El Cordob�s' major achievement is in having revived worldwide interest in bull-fighting, which was on the wane after the retirement of Ord��ez in 1962. He has given Spain a great tourist attraction, comparable to England's Beatles and our own Cassius Clay. But anyone who knows anything at all about the bulls can see that he is relatively inept with the capote, and his faenas consist of a few high passes. Moreover, he fights con pies juntos (with his feet together). His style, therefore, is unattractive, unclassical and unemotional. He never changes the direction of the bull's charge and, therefore, does not tire the animal. Thus, when it comes time for the kill, the bull's head is not lowered as it should be at this point, with the result that it is very hard to kill correctly. When El Cordob�s kills, going high up over the horns, he looks more like a fisherman casting his rod than a man performing the emotional, historical climax of an age-old art. And bullfighting is an art. I think Mr. Ress should have titled his article: Since When Is Artistry in a Bullring Not Enough?
New York City
?Aficionado Lyons, the son of Columnist Leonard Lyons, speaks for several correspondents who feel that this is the year of El Viti.—ED.
The Rev. Milo L. Ernster wondered "whoever laid out the first baseball diamond" and "why he laid it out backward," that is, counterclockwise (19TH HOLE, Aug. 17). As a student of baseball, I recently finished a paper on baseball in pre-Civil War America. While researching I found this statement, which I paraphrase from Preston D. Orem's Baseball from the Newspaper Accounts: Volume I, 1845-1881: The game first got the name "base-ball" in the Boy's Book of Sports, published in New Haven in 1839. This book also contained the first counterclockwise rules. Previously bases were run in a clockwise direction.
Thus, it would seem the revolutionary idea Reverend Ernster wishes to have tested failed over a century ago.
PHILIP F. HERSH
Reverend Ernster is most assuredly right when he says that his proposed rearrangement "would make a completely different game" out of baseball; and baseball could truly use some changing.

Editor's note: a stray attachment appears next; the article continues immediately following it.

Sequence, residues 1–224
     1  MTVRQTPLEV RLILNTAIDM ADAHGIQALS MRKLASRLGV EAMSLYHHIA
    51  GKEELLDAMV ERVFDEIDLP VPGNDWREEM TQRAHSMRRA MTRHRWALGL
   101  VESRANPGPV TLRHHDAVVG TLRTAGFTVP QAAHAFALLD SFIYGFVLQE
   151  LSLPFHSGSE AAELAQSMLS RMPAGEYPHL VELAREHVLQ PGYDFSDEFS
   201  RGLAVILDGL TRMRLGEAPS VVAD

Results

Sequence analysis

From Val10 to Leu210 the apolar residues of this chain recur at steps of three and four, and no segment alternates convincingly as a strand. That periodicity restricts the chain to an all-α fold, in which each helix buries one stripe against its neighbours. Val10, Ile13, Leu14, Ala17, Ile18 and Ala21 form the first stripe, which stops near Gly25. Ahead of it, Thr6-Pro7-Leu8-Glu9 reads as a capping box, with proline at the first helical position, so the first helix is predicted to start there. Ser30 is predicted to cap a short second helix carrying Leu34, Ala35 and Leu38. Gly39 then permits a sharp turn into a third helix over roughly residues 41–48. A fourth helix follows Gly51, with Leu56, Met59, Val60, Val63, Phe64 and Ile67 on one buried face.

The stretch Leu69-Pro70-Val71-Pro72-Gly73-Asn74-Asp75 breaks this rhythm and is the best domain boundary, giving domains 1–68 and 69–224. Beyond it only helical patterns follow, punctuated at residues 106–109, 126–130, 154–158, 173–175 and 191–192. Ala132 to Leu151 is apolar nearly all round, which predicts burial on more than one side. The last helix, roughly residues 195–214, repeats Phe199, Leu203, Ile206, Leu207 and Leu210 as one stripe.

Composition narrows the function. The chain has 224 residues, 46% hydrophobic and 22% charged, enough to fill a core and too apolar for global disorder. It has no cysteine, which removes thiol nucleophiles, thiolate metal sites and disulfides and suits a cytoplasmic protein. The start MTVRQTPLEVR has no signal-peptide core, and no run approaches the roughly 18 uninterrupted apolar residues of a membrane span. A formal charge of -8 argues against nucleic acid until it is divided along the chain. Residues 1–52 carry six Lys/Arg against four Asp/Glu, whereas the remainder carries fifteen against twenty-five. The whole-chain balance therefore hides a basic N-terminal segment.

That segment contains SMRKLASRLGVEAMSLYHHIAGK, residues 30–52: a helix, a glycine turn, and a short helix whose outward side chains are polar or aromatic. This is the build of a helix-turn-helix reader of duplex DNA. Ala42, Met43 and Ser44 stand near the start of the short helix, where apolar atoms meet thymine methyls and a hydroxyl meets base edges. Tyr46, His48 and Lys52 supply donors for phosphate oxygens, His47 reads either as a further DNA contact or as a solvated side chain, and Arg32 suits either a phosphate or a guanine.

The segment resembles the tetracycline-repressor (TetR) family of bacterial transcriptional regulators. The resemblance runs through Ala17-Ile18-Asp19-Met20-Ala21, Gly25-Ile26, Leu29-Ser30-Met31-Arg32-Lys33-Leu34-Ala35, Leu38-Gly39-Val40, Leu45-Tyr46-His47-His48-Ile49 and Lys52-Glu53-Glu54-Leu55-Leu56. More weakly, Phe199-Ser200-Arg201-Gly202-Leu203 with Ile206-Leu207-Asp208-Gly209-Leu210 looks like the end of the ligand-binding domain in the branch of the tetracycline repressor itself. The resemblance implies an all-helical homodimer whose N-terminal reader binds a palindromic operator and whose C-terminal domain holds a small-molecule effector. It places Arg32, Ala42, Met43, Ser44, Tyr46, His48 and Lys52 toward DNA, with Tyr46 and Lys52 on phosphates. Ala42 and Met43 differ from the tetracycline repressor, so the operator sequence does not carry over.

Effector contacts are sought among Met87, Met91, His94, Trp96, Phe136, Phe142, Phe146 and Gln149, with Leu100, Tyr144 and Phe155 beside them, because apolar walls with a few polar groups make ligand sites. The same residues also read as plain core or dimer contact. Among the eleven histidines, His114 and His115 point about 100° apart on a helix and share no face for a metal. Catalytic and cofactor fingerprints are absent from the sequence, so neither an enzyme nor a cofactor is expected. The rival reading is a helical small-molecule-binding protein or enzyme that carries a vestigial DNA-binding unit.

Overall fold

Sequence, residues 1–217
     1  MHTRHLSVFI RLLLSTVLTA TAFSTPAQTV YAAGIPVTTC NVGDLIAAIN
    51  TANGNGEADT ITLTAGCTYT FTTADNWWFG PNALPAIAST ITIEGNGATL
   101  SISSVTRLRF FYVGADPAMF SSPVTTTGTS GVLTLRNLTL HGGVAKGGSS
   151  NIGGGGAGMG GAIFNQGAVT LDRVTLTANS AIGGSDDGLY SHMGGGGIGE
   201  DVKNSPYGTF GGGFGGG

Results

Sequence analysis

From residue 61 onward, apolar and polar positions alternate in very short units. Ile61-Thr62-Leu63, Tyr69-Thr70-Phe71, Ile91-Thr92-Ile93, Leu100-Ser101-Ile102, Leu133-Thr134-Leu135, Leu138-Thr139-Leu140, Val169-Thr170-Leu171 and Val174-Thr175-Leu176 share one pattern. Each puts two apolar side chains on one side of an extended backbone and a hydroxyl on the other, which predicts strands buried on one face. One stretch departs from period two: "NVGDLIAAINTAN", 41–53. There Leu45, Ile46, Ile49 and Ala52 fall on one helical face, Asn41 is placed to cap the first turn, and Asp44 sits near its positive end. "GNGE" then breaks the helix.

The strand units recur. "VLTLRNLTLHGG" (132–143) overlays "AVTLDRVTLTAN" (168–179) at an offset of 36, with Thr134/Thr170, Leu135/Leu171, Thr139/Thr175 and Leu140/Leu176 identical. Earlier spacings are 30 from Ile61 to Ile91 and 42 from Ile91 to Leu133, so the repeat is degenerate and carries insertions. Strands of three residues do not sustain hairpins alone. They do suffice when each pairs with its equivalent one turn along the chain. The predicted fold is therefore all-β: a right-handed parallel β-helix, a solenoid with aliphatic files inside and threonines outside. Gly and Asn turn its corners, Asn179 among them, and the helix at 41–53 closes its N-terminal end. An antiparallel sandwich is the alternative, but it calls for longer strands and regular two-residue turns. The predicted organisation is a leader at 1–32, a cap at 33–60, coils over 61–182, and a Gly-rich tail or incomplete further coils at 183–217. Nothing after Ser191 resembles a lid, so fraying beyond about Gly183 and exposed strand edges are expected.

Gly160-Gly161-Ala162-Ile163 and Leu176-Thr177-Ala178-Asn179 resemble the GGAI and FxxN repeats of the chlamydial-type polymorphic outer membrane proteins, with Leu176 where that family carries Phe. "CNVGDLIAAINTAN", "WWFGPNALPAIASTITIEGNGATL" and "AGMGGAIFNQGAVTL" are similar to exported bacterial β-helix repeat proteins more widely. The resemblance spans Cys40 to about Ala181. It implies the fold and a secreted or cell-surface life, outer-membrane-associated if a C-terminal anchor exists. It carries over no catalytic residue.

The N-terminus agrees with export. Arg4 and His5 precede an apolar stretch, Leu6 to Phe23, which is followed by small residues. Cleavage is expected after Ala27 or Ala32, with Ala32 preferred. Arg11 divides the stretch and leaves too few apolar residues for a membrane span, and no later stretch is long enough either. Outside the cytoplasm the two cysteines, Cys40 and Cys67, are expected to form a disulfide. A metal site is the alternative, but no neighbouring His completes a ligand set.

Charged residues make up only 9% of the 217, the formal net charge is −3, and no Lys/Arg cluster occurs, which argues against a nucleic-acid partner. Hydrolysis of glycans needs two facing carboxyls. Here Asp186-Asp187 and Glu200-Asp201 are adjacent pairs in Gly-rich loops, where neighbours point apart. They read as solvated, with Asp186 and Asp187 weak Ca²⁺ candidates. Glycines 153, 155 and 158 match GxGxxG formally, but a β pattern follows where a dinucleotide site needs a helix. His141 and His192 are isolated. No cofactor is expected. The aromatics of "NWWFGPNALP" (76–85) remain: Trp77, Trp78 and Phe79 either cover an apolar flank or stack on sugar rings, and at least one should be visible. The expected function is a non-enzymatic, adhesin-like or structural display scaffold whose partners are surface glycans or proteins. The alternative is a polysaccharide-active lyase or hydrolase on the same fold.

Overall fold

But the Reverend's proposed change is not what baseball needs and would, in fact, make a complete farce out of the game for one simple reason. As baseball now stands, the right-handed infielders (first basemen excluded) have a distinct advantage over their left-handed counterparts. (This is simply because a right-hander can throw more easily and quicker to his left than a lefthander can.) This advantage is so important, in fact, that all infielders in the majors are now, out of necessity, right-handers.
With the Reverend's "natural approach" the situation would reverse itself, and the right-handed infielders would be at a disadvantage—therefore necessitating the rapid development of a vast number of left-handed infielders. Obviously there would not be nearly as many players to choose from as before, and the quality of play by infielders would be greatly lowered. I'm sure the Reverend can see the sound reasoning that eliminates the possibility of any serious baseball league ever adopting his system; but I'm also sure that the Reverend's system could be an enjoyable variation on baseball for some nonserious teams to experiment with.
River Vale, N.J.
WILL THE REAL TONY...?
I would like to compliment Frank De-ford for a fine article (Not Much To Do But Eat, Sleep and Play Baseball, Aug. 3) about the bright young Red Sox star Tony Conigliaro.
I thought you might be interested to know that here at the State University College, Oswego, N.Y., we have our own Tony C. That's right, Tony Conigliaro from Frankfort, N.Y. Tony graduated this past June and will be teaching and coaching basketball in Whitesboro, N.Y. this year.
But Oswego State's Tony C. certainly will not be forgotten soon by local athletic boosters. Tony won three varsity letters in basketball and one in baseball. In three varsity seasons with the Laker five, Tony tallied 822 points and capped his varsity career by being selected as the Most Valuable Player in the State Universities Conference tournament.